The group gave no financial guidance for this year, although it said it might reach a target of achieving 2 billion euros in costs cuts by 2023 ahead of time, possibly by December.

Executives said they were confident the carmaker could be profitable in the second half of 2021, but that they lacked sufficient market visibility to provide a forecast.

Renault struck a cautious note, saying it was focused on its recovery but warned orders had faltered in early 2021 as pandemic restrictions continued in some countries.

The group is facing new challenges as the European Union tightens emissions regulations and after rivals PSA and Fiat Chrysler joined forces to create Stellantis, the world’s fourth-biggest automaker.

The auto industry endured a tough 2020 but a swift rebound in premium car sales in China helped companies such as Volkswagen and Daimler to weather the storm.

Auto companies globally have since been hit by a shortage of semiconductors that has forced production cuts worldwide.

“The beginning of the year has shown some signs of weakness,” De Meo told analysts, but added the chip shortage should be resolved by the second half of 2021. “We have taken the necessary measures to anticipate and overcome challenges.”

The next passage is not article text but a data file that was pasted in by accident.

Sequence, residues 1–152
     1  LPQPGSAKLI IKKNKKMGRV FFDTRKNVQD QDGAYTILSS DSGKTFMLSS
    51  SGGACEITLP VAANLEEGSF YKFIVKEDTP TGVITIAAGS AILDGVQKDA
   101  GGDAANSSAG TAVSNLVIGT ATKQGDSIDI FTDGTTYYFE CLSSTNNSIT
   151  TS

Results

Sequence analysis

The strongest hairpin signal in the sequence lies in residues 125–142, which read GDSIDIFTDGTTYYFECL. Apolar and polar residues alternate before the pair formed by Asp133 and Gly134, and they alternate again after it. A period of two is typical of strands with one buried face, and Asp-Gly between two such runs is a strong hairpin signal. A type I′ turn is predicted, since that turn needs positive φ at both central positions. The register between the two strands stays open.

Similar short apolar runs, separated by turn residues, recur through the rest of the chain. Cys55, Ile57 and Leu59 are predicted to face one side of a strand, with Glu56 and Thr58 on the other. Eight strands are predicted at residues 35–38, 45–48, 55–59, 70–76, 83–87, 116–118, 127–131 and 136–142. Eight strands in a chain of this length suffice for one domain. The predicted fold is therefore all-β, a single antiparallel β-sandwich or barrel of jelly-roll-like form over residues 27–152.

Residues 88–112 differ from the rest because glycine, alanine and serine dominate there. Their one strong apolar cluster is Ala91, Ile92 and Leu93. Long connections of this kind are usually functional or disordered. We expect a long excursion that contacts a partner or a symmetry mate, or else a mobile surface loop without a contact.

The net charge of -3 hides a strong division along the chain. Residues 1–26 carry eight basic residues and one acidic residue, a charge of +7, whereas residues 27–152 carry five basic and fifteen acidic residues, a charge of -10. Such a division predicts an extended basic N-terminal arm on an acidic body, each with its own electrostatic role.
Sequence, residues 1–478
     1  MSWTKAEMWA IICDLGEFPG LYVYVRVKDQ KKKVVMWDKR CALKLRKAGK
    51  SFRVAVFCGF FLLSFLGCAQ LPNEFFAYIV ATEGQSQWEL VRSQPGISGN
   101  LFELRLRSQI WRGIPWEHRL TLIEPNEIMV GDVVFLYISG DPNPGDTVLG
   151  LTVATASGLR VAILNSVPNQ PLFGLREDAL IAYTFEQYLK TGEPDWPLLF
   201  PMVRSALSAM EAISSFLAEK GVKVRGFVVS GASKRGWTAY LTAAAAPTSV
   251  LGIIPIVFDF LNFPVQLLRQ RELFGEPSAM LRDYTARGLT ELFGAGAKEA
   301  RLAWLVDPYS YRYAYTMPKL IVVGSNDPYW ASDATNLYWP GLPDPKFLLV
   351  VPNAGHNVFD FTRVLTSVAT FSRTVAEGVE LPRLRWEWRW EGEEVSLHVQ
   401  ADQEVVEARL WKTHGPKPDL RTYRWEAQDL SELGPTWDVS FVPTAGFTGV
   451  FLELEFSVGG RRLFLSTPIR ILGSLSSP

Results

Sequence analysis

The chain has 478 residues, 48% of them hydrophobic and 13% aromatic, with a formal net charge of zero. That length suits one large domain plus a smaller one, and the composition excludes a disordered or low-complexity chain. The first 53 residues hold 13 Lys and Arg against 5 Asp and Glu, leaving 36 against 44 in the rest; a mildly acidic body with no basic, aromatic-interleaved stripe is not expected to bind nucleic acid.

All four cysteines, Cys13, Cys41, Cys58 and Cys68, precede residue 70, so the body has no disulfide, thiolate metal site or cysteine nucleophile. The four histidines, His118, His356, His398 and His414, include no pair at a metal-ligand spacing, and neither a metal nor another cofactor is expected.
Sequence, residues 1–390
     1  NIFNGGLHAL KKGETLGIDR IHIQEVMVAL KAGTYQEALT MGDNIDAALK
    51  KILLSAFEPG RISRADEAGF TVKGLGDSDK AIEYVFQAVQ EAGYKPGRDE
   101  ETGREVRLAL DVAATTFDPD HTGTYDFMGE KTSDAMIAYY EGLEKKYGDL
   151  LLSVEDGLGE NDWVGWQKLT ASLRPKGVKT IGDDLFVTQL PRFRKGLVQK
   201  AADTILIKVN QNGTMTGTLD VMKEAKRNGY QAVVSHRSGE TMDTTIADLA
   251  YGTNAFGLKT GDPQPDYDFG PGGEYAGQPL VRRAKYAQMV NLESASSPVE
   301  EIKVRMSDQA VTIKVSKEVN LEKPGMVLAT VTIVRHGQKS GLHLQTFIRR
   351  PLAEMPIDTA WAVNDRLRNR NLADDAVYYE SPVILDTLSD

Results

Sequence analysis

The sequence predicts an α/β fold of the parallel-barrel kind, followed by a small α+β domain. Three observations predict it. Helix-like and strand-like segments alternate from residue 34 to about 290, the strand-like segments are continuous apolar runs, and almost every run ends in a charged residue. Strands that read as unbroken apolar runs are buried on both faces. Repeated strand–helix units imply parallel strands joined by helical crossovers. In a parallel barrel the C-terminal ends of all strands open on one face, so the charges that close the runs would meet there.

Renault estimated the chip shortage could reduce its production by about 100,000 vehicles this year.

SHARP HIT

The group was already loss-making in 2019, but took a sharp hit in 2020 during lockdowns to fight the pandemic, which also hurt its Japanese partner Nissan.

Analysts polled by Refinitiv had expected a 7.4 billion euro loss for 2020. The group posted negative free cash flow for 2020.

The 2018 arrest of Carlos Ghosn, who formerly lead the alliance between Renault and Nissan, plunged the automakers into turmoil.

In a further sign that the companies have been working to repair the alliance, De Meo told journalists that Renault and Nissan will announce new joint products together in the coming weeks or months.

Renault has begun to raise prices on some car models, and group operating profit, which was negative for 2020 as a whole, improved in the last six months of the year, reaching 866 million euros or 3.5% of revenue.